Jared Woodard of Condor Options by J. Gopalakrishnan and B. Faber
Knowing how the market moves isn’t particularly important, Jared Woodard, our interview subject of the month, explains. Woodard, the principal of Condor Options, has more than a decade of experience trading options, equities, and futures. He publishes the Condor Options newsletter (specializing in iron condors) and the accompanying blog. Woodard has been quoted in various media outlets including The Wall Street Journal, Bloomberg News, Financial Times Alphaville, and The Chicago Sun-Times, and in 2008 he was profiled as a top option mentor in Sfo magazine. He is also an associate member of the National Futures Association and registered principal of Clinamen Financial Group, a Commodity Trading Advisor.
Stocks & Commodities Editor Jayanthi Gopalakrishnan and Staff Writer Bruce Faber interviewed Jared Woodard via telephone on March 10, 2010.
Jared, how did you get interested in trading options?
It was the ability to define your risks versus the techniques available for stocks or futures. Options give you more opportunity for risk management and control over your capital. A lot of traders come to options more for the leverage than anything else. They see that with the same stock or commodity that they just got a 5% return on, they could have had a larger return on a similar option trade. I can see the attraction there, but it is also a bit dangerous. The risk management features of options are most important.
Did you start out trading on your own, or did you trade with a firm before that?
I started out on my own. I traded on my own for a while, then I started the Condor Options newsletter, back in 2007. And since 2009 I have been a registered Commodity Trading Advisor (Cta).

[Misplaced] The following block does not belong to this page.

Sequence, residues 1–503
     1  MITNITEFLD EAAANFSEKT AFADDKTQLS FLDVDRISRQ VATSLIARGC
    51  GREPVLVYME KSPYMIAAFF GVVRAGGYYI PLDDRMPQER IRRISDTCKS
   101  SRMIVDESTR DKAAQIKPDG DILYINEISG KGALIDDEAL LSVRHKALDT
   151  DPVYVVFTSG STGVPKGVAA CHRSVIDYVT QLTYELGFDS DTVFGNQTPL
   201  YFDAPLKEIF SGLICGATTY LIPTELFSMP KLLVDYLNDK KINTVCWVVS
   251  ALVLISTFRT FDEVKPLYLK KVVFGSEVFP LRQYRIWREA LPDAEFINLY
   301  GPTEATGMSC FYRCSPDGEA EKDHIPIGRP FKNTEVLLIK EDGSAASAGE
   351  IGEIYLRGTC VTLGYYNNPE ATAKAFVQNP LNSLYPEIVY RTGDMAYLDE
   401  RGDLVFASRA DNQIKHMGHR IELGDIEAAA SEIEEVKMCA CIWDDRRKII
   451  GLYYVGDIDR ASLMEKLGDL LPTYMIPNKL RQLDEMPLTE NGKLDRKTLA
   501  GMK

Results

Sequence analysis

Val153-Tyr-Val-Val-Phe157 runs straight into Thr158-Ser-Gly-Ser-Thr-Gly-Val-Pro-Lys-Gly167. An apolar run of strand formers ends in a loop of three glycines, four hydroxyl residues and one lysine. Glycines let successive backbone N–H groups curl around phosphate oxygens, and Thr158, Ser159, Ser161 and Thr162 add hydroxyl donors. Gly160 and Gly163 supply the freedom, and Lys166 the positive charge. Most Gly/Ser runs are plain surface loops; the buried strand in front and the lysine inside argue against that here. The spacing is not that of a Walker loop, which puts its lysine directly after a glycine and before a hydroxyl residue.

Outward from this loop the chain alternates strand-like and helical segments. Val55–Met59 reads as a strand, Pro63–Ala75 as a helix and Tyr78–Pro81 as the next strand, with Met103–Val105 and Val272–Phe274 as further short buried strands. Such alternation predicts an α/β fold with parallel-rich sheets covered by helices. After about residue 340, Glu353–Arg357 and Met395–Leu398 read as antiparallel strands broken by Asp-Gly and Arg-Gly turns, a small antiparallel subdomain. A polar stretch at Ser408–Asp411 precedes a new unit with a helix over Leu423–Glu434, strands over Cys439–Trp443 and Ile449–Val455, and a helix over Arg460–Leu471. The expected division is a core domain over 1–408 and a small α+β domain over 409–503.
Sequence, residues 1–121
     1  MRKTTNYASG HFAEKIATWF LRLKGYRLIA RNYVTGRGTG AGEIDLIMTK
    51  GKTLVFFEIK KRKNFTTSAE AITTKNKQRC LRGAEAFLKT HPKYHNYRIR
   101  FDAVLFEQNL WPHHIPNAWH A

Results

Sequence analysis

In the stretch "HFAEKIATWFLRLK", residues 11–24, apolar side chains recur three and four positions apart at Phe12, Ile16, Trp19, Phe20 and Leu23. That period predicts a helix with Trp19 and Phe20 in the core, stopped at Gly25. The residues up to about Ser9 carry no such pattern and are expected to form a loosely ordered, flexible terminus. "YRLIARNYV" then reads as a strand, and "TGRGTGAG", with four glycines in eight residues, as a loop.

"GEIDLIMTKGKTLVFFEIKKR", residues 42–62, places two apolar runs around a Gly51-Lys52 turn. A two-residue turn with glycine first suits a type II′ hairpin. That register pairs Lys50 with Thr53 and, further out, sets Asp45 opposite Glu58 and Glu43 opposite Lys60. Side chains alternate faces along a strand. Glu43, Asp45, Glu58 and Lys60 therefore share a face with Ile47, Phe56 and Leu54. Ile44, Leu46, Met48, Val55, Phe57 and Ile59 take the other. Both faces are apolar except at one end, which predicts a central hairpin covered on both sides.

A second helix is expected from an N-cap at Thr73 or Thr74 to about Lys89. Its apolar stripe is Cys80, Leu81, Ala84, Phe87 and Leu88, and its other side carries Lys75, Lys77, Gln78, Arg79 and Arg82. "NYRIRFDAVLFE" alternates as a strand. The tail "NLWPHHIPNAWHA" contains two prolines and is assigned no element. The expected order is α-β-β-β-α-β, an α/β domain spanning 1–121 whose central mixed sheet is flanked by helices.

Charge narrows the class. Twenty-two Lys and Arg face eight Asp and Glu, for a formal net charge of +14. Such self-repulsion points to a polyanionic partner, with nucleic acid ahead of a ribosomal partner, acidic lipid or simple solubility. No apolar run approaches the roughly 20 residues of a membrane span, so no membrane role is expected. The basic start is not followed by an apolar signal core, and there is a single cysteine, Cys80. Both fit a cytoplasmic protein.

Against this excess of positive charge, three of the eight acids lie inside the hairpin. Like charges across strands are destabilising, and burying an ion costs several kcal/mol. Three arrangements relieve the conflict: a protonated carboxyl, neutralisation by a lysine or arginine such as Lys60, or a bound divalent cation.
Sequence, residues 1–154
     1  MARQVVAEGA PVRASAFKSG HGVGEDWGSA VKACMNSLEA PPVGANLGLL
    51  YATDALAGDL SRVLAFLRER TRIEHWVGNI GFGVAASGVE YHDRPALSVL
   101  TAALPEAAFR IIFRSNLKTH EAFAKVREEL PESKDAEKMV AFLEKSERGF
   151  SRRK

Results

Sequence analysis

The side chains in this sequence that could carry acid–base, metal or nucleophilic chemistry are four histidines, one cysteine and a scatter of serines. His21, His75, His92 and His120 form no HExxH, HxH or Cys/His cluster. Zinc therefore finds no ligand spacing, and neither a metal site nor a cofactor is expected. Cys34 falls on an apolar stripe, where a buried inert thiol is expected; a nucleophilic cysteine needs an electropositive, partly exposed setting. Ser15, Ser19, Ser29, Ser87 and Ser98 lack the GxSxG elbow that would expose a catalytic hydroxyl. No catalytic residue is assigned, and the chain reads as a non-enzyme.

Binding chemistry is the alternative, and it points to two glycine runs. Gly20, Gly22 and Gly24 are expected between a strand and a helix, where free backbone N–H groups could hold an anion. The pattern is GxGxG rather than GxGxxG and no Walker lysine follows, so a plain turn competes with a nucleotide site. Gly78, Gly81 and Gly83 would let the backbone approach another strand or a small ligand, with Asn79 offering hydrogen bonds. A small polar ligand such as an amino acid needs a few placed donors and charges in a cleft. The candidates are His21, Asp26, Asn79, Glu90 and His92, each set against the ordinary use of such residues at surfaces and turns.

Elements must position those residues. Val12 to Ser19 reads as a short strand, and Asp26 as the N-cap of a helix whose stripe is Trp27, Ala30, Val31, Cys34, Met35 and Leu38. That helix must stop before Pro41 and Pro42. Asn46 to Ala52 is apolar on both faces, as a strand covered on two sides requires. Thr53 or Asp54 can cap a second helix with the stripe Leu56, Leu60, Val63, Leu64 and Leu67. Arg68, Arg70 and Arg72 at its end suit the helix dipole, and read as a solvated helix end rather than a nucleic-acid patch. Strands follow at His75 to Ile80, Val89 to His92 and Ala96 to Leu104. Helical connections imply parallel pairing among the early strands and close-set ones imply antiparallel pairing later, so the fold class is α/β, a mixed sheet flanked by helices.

So when did you start trading on your own?
I was in high school or college, around 1997. Like most people, I got interested in stocks first. Then curiosity took me to options pretty quickly.
Besides the ability to define risk, are there any other advantages that trading options offer versus, say, trading equities or futures?
Sure. If you are trading a future or equity long or short, it is about price. But I like to use the metaphor of different languages. If you are trading just directional price changes, then it’s a relatively rudimentary language. You can only express a couple of different views. Options are — to extend the metaphor — a more complex, more nuanced language because you can express views about price and volatility and time. So you have significantly more different views on an asset that you can express. That makes options a lot more interesting.
You also have a blog called “Condor Options.” Is that because you prefer to trade the condor strategies over others?
Yes. The newsletter attached to the blog teaches subscribers how to trade iron condors and market-neutral spreads. So that is where the blog’s name comes from. But I do like market-neutral strategies in general. They are my strategy of preference just because I think there is more opportunity there. A lot of people follow price trends, and even though predicting prices is difficult, there is definitely money following those trends. I have nothing against trend-following strategies at all, but there are a lot of opportunities in market-neutral strategies and especially in volatility trading strategies. That is what I really focus on.